This was not necessarily an original idea. European settlers on the Plains brought their tree-planting methods with them to their new homesteads after the Civil War. For instance, as early as 1885, a tree-planting project took place at South Dakota State University at Brookings, where students planted trees for shelterbelts on the campus during their spring term.

When South Dakota became a state and the first legislature convened in Pierre in 1890, they passed a shelterbelt law that provided for a payment of $2 per acre for planting trees over a 10-year period east and west across quarter section lines. PSFP was just a continuation of an ongoing tree-planting movement.

Still around

According to a mapping project through the National Agroforestry Center in 2010, about 79% of the original sites had at least partial windbreaks remaining in Nebraska. Over time, land changed hands, and many of the windbreaks were torn out to make room for crops. That was the case with the Schleusener windbreak. Although it was honored by a state historical marker, the early shelterbelt was still removed in the spring of 2017 after the land had been sold.

Thanks to a 2016 digital cultural heritage and rural landscapes mapping project, researchers have been able to identify many of the existing PSFP shelterbelts and even estimate their condition.

According to the study, 11 counties in Nebraska still have between 101 and 521 shelterbelts planted through PSFP, with most of those centered in the northeast and central portions of the state, along with Morrill County in the Panhandle. On the other end of the spectrum, 16 counties have between five and 20 still existing, with several counties left without a single shelterbelt from that program.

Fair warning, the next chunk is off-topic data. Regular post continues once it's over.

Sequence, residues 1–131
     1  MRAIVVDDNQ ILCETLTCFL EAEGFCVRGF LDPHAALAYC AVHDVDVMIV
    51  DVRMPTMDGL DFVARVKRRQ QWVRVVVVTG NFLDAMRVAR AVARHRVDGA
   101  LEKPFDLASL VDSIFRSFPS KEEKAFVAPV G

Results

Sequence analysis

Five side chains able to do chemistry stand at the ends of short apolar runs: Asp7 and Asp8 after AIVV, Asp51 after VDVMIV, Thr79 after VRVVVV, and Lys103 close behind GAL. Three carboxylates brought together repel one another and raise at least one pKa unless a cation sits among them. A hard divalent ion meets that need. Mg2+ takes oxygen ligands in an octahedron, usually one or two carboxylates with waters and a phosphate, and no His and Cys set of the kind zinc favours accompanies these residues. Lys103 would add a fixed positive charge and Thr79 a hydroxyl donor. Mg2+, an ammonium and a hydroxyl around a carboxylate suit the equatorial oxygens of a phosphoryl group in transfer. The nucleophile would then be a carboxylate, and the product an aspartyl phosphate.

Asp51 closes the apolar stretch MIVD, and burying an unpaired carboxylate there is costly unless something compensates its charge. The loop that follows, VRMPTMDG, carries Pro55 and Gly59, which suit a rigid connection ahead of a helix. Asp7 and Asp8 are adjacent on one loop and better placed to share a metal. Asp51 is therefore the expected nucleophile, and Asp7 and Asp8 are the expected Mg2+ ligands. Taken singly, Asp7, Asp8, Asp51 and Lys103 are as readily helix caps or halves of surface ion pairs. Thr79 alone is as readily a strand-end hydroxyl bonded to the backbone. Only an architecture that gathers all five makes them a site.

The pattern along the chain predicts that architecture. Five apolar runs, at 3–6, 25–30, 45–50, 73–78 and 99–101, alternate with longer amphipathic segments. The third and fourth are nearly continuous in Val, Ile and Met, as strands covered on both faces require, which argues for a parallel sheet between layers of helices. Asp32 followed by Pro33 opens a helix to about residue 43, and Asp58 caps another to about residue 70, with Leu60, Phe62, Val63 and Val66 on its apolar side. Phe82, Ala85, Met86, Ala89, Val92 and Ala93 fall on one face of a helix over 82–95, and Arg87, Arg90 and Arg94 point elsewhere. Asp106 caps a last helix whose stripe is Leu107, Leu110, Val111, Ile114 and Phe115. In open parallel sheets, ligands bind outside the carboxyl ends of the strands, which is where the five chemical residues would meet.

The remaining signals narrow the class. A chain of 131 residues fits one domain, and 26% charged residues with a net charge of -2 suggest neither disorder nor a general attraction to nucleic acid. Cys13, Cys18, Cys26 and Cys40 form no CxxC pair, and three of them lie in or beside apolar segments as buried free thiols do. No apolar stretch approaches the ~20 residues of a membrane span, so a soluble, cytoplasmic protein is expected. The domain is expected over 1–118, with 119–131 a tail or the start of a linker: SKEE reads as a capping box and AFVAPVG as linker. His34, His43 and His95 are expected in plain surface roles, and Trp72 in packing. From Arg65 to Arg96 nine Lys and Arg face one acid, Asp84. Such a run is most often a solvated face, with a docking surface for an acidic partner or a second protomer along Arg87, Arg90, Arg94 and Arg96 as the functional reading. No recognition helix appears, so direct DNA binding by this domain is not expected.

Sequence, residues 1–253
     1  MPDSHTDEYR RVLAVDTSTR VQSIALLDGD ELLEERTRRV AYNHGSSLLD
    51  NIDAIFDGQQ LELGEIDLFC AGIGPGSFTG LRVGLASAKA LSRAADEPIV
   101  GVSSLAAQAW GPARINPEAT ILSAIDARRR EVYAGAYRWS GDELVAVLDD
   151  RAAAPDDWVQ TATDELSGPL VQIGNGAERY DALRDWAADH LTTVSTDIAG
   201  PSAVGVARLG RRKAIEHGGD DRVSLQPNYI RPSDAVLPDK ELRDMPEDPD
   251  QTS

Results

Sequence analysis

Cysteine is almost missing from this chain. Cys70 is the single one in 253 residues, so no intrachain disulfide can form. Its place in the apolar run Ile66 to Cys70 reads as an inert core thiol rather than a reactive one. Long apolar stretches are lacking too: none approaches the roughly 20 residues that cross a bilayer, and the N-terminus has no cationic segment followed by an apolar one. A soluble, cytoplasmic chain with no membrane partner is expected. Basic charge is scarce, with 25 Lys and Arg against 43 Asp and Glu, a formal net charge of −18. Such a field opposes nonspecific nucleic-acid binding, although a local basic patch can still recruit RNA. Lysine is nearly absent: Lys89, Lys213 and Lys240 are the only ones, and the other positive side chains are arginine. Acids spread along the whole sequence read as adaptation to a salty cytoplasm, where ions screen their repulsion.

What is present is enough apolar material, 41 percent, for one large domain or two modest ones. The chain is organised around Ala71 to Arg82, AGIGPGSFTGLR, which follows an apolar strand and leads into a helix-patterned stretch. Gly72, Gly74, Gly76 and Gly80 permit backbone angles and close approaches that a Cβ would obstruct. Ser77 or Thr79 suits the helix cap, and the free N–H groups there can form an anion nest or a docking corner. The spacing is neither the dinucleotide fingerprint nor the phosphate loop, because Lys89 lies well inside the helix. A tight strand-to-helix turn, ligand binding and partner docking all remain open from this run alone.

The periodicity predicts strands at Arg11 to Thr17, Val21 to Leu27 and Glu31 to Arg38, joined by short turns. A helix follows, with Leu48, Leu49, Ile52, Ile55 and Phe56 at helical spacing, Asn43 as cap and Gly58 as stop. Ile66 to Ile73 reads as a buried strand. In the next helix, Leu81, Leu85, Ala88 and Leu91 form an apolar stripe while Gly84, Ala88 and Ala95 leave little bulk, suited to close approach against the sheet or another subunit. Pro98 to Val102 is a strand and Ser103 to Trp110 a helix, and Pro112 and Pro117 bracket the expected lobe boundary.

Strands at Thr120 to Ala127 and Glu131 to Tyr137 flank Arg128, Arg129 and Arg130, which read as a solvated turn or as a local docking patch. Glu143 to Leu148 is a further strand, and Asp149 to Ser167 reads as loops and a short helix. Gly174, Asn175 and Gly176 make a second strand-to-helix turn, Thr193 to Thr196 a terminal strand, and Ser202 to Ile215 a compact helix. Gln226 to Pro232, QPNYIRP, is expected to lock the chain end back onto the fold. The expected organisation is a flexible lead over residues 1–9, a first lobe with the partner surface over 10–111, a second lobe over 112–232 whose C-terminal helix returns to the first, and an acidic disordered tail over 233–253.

“You need to remember that these PSFP windbreaks were planted with different planting and design standards than we have today,” says Pam Bergstrom, National Technical Assistance agroforester. “These trees within the windbreaks were planted close to each other within the rows and between the rows — more quantity and not quality — compared to windbreaks designed, implemented and installed today.”

Although these old windbreaks may seem unsightly to some, they are still serving their purpose, Gerlach says.

“A dead or dying windbreak still manipulates airflow and provides benefits for snow catch, livestock protection and more,” he adds. “We are way too quick at bulldozing the entire windbreak because it is ‘ugly.’ This is an opportunity to start interplanting new trees or replace one row at a time instead of starting from scratch. Fallen down branches and trees make great protection to plant new, baby trees and give them protection from livestock and deer.”

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About the Author(s)

Curt Arens

Editor, Nebraska Farmer

Curt Arens began writing about Nebraska’s farm families when he was in high school. Before joining Farm Progress as a field editor in April 2010, he had worked as a freelance farm writer for 27 years, first for newspapers and then for farm magazines, including Nebraska Farmer.

His real full-time career, however, during that same period was farming his family’s fourth generation land in northeast Nebraska. He also operated his Christmas tree farm and grew black oil sunflowers for wild birdseed. Curt continues to raise corn, soybeans and alfalfa and runs a cow-calf herd.

Curt and his wife Donna have four children, Lauren, Taylor, Zachary and Benjamin. They are active in their church and St. Rose School in Crofton, where Donna teaches and their children attend classes.

Previously, the 1986 University of Nebraska animal science graduate wrote a weekly rural life column, developed a farm radio program and wrote books about farm direct marketing and farmers markets. He received media honors from the Nebraska Forest Service, Center for Rural Affairs and Northeast Nebraska Experimental Farm Association.

He wrote about the spiritual side of farming in his 2008 book, “Down to Earth: Celebrating a Blessed Life on the Land,” garnering a Catholic Press Association award.